The University of Massachusetts Amherst

Please select the first letter of the last name you are looking for.

Michelle E. Farkas

Assistant Professor

Our group focuses on the development of new platforms and tools for the study of cancer and its metastasis using chemical biology methods.

Current Research
Our laboratory’s work involves the development and use of molecular tools in order to further understand, image, and treat cancer subtypes. We are using chemical methodologies to: (1) convert cells into imaging agents and investigate their use as therapeutics, (2) generate new agents for the delivery of nucleic acids, and (3) probe the underlying association between altered circadian rhythms and cancer. This work will not only change the way that cancer is studied, but will result in new treatment strategies.

Macrophages are often associated with the tumor microenvironment, and facilitate cancer progression and metastasis while suppressing the immune response. We will directly modify these cells with detectable agents to visualize the presence of primary tumors and metastases. We are also undertaking studies with small molecules to convert macrophages from tumor-promoting to tumor-fighting entities, to use them as therapeutics.

Improved methods for delivery of nucleic acids (RNA, DNA) can facilitate their use as treatments. In collaboration with Vincent Rotello’s group (UMass, Chemistry), we are investigating the use of nanoparticle-stabilized capsules to transport therapeutic RNA molecules across the cell membrane. These RNAs are intended to down-regulate the expression of cancer associated genes, and will be used in relevant models of disease.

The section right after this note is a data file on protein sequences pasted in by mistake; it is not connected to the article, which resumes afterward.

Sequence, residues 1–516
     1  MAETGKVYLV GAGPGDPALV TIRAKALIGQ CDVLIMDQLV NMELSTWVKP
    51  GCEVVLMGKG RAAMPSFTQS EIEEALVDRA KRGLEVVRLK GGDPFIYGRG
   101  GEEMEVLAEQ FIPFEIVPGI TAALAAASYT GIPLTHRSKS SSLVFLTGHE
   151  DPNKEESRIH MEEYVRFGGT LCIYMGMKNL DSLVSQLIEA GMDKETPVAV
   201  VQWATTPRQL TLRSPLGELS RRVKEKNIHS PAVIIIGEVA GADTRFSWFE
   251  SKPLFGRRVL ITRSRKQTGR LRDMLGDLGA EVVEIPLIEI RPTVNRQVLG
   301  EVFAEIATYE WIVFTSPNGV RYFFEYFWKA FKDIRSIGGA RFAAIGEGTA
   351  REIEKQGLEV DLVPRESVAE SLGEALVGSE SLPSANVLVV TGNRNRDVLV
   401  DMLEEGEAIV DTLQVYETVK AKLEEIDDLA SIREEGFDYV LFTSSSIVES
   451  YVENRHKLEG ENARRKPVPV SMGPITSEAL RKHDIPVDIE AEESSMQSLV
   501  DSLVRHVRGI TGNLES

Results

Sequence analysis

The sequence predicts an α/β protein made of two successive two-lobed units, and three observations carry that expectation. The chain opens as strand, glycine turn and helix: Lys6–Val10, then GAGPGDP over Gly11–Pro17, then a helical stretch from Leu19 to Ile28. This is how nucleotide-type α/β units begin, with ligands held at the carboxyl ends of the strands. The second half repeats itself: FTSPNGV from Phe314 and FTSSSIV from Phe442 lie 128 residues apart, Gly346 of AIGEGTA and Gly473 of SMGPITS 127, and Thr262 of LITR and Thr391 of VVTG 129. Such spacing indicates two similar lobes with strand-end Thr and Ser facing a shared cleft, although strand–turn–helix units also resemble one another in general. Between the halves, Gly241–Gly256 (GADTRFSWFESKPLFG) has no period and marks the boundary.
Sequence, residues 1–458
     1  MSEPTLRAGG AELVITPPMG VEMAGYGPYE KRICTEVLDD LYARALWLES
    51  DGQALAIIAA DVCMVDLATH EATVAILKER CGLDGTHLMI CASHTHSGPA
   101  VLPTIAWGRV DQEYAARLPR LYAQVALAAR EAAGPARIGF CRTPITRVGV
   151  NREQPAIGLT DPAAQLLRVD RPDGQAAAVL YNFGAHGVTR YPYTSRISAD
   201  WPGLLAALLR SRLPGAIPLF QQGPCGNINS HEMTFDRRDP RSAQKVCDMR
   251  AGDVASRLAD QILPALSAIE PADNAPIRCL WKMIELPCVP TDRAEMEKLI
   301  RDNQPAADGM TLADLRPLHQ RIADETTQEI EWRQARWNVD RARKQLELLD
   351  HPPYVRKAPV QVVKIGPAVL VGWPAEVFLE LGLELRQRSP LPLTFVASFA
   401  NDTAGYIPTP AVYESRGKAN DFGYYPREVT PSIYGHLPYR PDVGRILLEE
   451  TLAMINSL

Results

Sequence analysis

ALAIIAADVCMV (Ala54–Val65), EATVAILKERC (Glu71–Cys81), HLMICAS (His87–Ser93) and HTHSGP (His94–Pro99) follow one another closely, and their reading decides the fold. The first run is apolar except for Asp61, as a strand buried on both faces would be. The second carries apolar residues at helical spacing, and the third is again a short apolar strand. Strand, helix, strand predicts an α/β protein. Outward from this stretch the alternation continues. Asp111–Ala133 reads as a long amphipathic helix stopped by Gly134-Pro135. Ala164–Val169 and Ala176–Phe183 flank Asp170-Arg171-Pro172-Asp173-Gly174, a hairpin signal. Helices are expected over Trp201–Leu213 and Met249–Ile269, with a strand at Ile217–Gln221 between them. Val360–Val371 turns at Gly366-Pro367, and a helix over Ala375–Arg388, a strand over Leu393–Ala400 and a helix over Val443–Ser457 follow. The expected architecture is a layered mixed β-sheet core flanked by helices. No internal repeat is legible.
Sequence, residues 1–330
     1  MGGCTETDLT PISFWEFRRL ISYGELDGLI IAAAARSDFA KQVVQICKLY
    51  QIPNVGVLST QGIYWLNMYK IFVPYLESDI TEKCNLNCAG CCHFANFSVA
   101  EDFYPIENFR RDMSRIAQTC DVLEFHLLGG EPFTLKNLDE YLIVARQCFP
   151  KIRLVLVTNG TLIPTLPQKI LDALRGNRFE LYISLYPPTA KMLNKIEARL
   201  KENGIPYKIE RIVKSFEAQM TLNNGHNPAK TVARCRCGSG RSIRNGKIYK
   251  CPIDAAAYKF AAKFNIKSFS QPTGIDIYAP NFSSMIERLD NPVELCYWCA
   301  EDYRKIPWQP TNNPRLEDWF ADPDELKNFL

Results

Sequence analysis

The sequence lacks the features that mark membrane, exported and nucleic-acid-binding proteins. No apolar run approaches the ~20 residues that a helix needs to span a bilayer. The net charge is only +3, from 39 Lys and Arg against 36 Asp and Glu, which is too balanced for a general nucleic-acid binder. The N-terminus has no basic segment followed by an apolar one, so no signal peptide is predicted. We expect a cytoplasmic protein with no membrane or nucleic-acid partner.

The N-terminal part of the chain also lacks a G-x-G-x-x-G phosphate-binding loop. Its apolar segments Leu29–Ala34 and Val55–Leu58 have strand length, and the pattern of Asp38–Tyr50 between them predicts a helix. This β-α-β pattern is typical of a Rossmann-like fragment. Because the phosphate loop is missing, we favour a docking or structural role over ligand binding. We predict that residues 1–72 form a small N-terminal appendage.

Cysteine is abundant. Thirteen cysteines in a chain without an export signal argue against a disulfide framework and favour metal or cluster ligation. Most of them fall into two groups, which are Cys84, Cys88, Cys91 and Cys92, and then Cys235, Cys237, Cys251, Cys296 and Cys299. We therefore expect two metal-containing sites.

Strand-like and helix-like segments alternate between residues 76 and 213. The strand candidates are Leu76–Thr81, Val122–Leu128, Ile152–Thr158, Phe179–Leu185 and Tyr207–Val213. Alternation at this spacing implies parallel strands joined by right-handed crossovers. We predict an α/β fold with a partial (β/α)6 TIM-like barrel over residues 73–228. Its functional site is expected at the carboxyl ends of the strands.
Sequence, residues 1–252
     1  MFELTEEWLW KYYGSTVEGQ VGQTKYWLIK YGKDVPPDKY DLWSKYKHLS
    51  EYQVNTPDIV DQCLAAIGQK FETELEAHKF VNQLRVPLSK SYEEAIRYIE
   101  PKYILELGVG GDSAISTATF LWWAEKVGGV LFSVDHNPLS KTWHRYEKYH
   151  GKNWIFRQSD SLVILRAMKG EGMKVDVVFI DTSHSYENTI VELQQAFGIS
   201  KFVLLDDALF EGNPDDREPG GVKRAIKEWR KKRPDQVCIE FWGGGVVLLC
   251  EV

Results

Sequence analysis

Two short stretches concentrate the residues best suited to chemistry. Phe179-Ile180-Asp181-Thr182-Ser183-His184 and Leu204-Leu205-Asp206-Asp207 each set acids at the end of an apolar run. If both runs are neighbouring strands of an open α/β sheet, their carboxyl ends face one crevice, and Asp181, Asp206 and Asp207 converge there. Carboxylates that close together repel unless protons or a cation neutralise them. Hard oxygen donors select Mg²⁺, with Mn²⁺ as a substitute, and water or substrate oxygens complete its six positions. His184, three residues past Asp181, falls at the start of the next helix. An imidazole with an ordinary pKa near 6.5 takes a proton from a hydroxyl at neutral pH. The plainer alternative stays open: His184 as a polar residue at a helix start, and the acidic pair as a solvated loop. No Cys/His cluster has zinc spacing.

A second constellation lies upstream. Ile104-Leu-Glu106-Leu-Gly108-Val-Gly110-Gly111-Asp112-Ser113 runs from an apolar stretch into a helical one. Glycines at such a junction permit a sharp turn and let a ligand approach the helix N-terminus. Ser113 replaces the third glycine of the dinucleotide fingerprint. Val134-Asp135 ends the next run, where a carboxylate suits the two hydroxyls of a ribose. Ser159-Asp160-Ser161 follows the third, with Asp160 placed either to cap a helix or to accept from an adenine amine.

People with altered circadian rhythms (i.e. shift-workers, frequent travelers) have been shown to be more susceptible to cancer and acquire more aggressive cancers than the general population. We are using small molecule circadian rhythm modulators to determine the effect of changes in circadian rhythm on cancer severity/metastatic potential. In instances where these molecules are shown to decrease aggression, they will be evaluated as potential drugs.

Learn more at

Academic Background

  • BA Wellesley College, 2001
  • PhD California Institute of Technology, 2010
  • Postdoctoral Training: University of California, Berkeley, DOD-BCRP, 2010-2013
Joshi, B. P., Hardie, J., Mingroni, M. A., Farkas, M. E., “Surface-Modified Macrophages Facilitate Tracking of Breast Cancer-Immune Interactions.” ACS Chem. Biol. DOI: 10.1021/acschembio.8b00509
Lin, H.-H., Farkas, M. E., “Altered Circadian Rhythms and Breast Cancer: From the Human to the Molecular Level.” Front. Endocrinol. 2018. 9, 218. (In special issue: Disorders of Circadian Rhythms)
Joshi, B. P., Hardie, J., Farkas, M. E., “Harnessing Biology to Deliver Therapeutic and Imaging Entities via Cell-Based Methods.” Chem. Eur. J. 2018. 18, 8717-8726
Ray, M., Lee, Y.-W., Hardie, J., Mout, R., Tonga, G. Y., Farkas, M. E., Rotello, V. M. “CRISPRed Macrophages for Cell-Based Immunotherapy.” Bioconj. Chem. 2018. 29, 445-450
Hardie, J., Jiang, Y., Tetrault, E. R., Ghazi, P. C., Tonga, G. Y., Farkas, M. E., Rotello, V. M. “Simulataneous Cytosolic Delivery of a Chemotherapeutic and siRNA using Nanoparticle-Stabilized Nanocapsules.” Nanotechnology. 2016. 27, 374001
Contact Info

Department of Chemistry
N527 LSL
240 Thatcher Road
Amherst, MA 01003-9292

(413) 545-4770